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FUR COAT NAE KNICKERS.

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Comedy

Venue:The Counting House, 38 West Nicolson Street Edinburgh EH8 9DD
Phone: 0131 667 7533
Links: Click Here for venue details, Click here for map
Ticket Prices: Free  
Room: The Lounge
AUG 2-26 at 19:15 (60 min)
 
Show Image

Please note – this is not a dress code.
Money isn’t everything. Or is that only something the well-off say. McBrier came from an upbringing of financial embarrassment. This makes her feel like a phony as she traverses the realms of the middle classes. So, is money important? How do you shake off your past, yet stay true to yourself? What about those who pretend to be something they’re not? This is a show about a woman’s efforts to keep her head above water. True stories about family, neighbours, property porn and literally singing for your supper. What do Glaswegians do when the chips are down? Because there’s nothing worse than depressed chips.

‘A naturally charismatic story teller’ Festmag ****
‘Funny like Chic Murray was funny’ The Scotsman ****
‘A knack for funny storytelling’ Broadway Baby ****


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News and Reviews for this Show

August 19, 2018  The Scotsman
Full disclosure, I have always been a big fan of Martha McBrier. But tonight I watched The McBrier Effect on my fellow audience members : three twentysomething guys-with-pints, a young girl and a 30-year-old American yuppie. McBrier’s humour is packed with references to things that had disappeared before they were born, she speaks broad Weegie and her story belts along faster than a scally running from the polis. But McBrier’s comedy somehow belts the bottom of the generation gap, crosses the Atlantic nae borra and by the time we have laughed and cried our way through this love letter to her wee brother, the boys go off to flyer for her, the yuppie reveals an impoverished past and the young girl buys her a glass of wine and promises to bring her mum the next day.

McBrier would be the first to tell you she is not a ­stand-up comic. She is a ­storyteller. But she is a comedy Midas: ­everything she tells you about turns to comedy gold. Her childhood was, she tells us, “grim”. Her story is packed with shoplifting, corporal punishment, religious terrors, chain smoking and Provi loans. That is how it was, she reminds us “in the 70s”. There is so much laughter in the hour (even allowing for Martha’s taking time out to explain the difference between “ginger” and “juice” and what a companion set is) that when the laughter stops it is like being hit by a truck you just do not see coming. Heavy Metal and talking parrots, zithers and The ­Crazy World of Arthur Brown – each stars in its own tiny comedy epic in McBrier’s world. This hour will fill your heart with laughter and your eyes with tears. As we say in Glasgow – pure, dead, ­brilliant. Click Here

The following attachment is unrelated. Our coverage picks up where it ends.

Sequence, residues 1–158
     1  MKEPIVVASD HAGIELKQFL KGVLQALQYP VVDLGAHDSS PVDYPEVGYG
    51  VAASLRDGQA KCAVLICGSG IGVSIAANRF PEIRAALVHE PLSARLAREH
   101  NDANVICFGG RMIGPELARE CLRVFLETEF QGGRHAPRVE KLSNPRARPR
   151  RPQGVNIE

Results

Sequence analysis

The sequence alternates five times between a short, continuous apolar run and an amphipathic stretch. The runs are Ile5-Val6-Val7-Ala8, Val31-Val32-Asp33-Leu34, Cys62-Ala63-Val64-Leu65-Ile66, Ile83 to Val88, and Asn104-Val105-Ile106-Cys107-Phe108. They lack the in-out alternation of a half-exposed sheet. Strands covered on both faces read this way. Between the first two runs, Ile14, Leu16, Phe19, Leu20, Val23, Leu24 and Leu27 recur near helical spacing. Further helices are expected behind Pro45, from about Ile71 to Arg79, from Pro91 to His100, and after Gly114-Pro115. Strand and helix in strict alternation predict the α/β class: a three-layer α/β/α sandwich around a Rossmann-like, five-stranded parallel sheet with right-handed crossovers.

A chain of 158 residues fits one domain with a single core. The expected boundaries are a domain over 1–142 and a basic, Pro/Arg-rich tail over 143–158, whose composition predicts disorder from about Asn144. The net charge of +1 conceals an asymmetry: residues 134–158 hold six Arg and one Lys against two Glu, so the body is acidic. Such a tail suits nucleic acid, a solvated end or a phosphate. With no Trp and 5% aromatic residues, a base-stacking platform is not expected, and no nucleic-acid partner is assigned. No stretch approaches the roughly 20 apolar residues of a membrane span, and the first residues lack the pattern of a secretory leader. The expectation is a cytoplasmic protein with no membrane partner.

August 9, 2018  One4Review
Warning: spoilers. There’s a point in this show where the tone utterly changes and you will not see it coming. And that is brilliant, because the show is story-telling about growing up in the west of Scotland in the 70s, and that snap change offers some pale reflection of what it must have felt like to live through it.

Ms McBriar has both a lilting Glaswegian accent, liberally peppered with Scots and Scottish slang (including sweary words!), and the skill of narrating a story with just the right details. There’s something about stories narrated in a Glasgow accent which imbibes them with a rhythm which is mesmerising and immersive, and the things she talks about are immediately familiar and recognisable.

The start of the show contained the requisite chat with the audience (including impolitely but amusingly shutting down audients who talk too much) and introductory sort of stuff (in this show, about being working class and accompanying identifying features) before settling into the body of the show. This isn’t late night, booze-fuelled, two-‘jokes’-a-minute comedy, this is sit down and let the funny lady tell you a story that will provoke all sorts of emotions, including amusement. Don’t worry if you’re not laughing, you’ll still be having fun.

Martha can tell a tale, and if the ending was a little weak, that can be forgiven because it’s definitely the journey, not the destination, that matters. Click Here

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